From: Doug Thomas
To: [Client Name Deleted]
Date: 12 February 2012
Subject: No Gold Yet, Just Golden Showers

We are dropping coverage of Comstock Mining (NASDAQ - LODE - $1.95) following the company's ill-conceived decision to go ahead with a secondary offering last week. Management had consistently maintained that it would not need to raise cash, since its 2010 recapitalization
On February 12th Doug Thomas, a Pennsylvania investment research counselor, blew his stack. His firm had been covering Comstock Mining Inc — meaning they'd been following its activities and including it in recommendations to clients — for a considerable period.

But when CMI put thousands more shares of stock on the market to raise cash, he'd had enough. In a blistering email to a client Jet Investment Research announced it was dropping Comstock Mining Inc. from coverage.

"Corrado De Gasperis and John Winfield told me many things that turned out to be untrue. I've been in this business 25 years and this is the first time I've been purposely misled," he told CRA in a telephone interview. "I think Corrado is basically a decent person who failed to step away when he realized what he was being drawn into," he said.
provided it with three years worth of funding (why, there it is, smack dab in last year's 10K: "the company intends to use the net proceeds to meet its initial capital and operating needs for the first three years of its strategic plan to accelerate mine development and production and continued exploration"). It's been barely 16 months. What became of that plan?

Besides, they said repeatedly, they had absolutely no intention of diluting themselves or fellow shareholders. There is no shortage of good miners and producers with solid cash flows and trading at reasonable valuations, that don't treat their shareholders with such contempt.

We were willing to give Comstock's management the benefit of the doubt following its failure to keep to its production schedule last year, because of delays in securing the requisite air pollution permits. But while we can live with regulatory delays, one of the reasons we recommended LODE in the first place was because of management's consistent promise that there would be no near-term stock sales. Why don't these small company managements understand the importance of building credibility by honoring their commitments, doing what they say they'll do and not screwing their shareholders? Was this all about Comstock's management worrying that its gravy train was going to end and it better do something to make sure it had plenty of cash for salaries and bonuses? Have they no shame?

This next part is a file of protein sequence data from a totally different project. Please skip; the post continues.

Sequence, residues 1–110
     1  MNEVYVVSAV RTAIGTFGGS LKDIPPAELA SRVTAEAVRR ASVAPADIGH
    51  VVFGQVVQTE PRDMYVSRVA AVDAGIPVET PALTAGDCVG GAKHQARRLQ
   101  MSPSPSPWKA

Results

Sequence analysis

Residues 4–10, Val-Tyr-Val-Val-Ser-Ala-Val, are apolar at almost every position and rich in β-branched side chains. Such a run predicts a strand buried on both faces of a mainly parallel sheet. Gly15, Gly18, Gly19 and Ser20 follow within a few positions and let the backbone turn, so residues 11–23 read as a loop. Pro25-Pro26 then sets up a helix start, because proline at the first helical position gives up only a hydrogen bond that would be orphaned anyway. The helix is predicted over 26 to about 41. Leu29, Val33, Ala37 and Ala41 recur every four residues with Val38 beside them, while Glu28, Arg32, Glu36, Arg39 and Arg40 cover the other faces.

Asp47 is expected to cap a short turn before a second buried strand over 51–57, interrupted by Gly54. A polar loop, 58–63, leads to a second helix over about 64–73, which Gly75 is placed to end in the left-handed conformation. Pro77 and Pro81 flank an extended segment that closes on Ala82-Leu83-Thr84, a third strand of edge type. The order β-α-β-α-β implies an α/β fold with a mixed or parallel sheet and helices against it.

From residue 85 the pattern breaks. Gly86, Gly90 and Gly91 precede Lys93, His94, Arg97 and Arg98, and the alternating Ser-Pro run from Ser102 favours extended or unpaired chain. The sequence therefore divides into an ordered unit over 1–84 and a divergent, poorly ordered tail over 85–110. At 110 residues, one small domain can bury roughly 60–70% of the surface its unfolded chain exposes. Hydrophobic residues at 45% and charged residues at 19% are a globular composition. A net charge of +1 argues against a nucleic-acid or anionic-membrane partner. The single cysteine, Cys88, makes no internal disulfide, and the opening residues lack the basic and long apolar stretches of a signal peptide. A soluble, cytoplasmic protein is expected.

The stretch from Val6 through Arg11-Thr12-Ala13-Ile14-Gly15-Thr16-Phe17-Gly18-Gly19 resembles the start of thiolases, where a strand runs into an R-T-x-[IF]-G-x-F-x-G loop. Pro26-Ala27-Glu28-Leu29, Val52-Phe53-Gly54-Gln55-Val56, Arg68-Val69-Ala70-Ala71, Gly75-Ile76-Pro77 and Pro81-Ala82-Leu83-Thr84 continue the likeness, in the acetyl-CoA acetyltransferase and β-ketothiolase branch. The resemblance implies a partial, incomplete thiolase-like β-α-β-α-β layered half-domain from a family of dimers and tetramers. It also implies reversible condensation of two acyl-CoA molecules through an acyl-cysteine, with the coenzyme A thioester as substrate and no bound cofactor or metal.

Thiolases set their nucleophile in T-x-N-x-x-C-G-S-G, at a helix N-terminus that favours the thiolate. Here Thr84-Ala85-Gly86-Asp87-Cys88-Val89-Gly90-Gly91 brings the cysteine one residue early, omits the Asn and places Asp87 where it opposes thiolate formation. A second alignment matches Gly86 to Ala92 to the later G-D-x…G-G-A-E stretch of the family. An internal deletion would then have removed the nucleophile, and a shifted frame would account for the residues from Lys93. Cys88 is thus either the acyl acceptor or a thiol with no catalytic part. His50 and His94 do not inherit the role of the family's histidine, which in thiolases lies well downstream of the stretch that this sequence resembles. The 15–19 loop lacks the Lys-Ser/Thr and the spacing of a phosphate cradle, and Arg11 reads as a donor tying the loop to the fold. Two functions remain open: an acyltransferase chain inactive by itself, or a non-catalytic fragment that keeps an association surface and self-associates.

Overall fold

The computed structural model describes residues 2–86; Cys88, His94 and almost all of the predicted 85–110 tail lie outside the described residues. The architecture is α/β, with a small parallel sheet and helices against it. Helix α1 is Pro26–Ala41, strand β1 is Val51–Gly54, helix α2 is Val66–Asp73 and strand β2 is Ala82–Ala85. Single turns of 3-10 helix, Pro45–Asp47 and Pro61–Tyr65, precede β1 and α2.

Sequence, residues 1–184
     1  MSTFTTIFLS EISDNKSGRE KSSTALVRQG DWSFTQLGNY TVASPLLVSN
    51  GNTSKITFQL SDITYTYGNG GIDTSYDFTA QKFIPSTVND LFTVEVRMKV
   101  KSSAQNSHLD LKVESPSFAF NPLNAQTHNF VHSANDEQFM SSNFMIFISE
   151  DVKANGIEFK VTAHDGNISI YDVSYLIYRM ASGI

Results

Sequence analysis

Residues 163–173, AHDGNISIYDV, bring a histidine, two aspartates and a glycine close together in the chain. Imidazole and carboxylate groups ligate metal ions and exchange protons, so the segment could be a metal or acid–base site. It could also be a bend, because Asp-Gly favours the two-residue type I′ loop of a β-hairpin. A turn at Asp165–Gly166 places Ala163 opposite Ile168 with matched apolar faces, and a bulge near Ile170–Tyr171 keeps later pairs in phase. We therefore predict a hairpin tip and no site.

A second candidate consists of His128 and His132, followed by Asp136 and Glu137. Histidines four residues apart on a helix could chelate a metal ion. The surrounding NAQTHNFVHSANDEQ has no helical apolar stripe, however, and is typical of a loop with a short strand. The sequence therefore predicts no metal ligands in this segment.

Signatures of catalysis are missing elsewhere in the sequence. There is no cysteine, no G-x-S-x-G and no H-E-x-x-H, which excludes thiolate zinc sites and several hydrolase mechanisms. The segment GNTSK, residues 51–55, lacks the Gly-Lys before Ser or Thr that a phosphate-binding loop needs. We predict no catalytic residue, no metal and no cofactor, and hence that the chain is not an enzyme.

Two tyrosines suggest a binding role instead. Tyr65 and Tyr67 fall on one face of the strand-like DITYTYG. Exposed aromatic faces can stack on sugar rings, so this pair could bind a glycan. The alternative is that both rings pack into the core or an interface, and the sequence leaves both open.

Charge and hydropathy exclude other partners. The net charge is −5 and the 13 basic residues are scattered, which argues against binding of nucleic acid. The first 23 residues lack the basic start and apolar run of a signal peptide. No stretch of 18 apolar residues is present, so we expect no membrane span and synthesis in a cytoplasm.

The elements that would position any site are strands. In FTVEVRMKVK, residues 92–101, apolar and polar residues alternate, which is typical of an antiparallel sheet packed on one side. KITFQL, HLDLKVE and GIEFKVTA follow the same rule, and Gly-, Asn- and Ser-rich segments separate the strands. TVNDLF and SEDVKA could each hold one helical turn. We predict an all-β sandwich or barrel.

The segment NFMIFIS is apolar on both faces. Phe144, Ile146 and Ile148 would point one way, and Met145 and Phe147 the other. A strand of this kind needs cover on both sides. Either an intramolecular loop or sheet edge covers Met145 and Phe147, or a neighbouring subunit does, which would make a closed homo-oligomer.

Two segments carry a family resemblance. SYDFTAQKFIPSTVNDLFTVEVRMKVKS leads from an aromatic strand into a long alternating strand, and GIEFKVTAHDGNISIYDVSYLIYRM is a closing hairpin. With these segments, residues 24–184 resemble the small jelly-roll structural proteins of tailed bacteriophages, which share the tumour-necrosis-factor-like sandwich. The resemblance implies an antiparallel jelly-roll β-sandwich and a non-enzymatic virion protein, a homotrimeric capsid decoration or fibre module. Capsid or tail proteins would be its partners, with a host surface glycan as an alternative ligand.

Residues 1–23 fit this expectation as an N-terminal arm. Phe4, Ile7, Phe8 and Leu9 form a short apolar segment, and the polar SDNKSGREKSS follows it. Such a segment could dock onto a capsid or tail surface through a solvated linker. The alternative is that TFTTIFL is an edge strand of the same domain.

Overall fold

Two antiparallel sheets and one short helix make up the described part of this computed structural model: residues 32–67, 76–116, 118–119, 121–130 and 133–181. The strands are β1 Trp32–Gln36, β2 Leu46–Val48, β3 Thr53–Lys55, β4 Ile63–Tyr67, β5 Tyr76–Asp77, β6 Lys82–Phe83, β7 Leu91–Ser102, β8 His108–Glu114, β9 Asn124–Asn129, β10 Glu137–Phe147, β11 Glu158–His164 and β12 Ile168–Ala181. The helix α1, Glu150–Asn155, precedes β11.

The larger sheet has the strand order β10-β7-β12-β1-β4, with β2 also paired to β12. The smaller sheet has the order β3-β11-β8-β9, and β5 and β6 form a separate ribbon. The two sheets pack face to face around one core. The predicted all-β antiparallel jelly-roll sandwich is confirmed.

It may eventually turn out that Comstock has the 5 million or more gold equivalent ounces it says. It may, for all I know, be the second coming of the whole damn California gold rush. But if they're really finding as much gold and silver as they say, why the hurry to sell nearly 10 percent of the company for $13.5 million? These guys swore up and down the stock was worth $12 to $15, and then they go and give it away at $1.90. What gives?

Investment counselor Doug Thomas of JET Investment Research Inc. is a respected analyst, as is evident from this video. He appears at the 1:30 mark in this CNBC program and discusses the market for Hanesbrand cotton underwear knowledgeably and with aplomb.
Was it just plain boredom brought on by a long, quiet winter? When we first recommended the stock last May, the company had $26 million in cash and estimated it would take $12 million to get to production. What happened to all the money? What I am I missing?

Why couldn't they just wait until production starts, if they're only months away? Wouldn't they have gotten a better deal (how could they not)? Why couldn't they figure out a creative way to forward sell some of the gold, or how about just finding someone to borrow the money from? And if you're going to do a deal, why pay a fortune to bunch of no-name underwriters? Why not use this as an opportunity to get some real coverage and sponsorship? Why not call us up and ask our advice?

We tried to get some answers to our questions last week from CEO Corrado De Gasperis, who maybe on account of his embarrassment, wouldn't answer his phone and never returned our calls. For now, we're reminded of that famous quote, sometimes attributed to Mark Twain, "A gold mine is a hole in the ground with a liar standing next to it."

Doug Thomas

JET Investment Research Inc.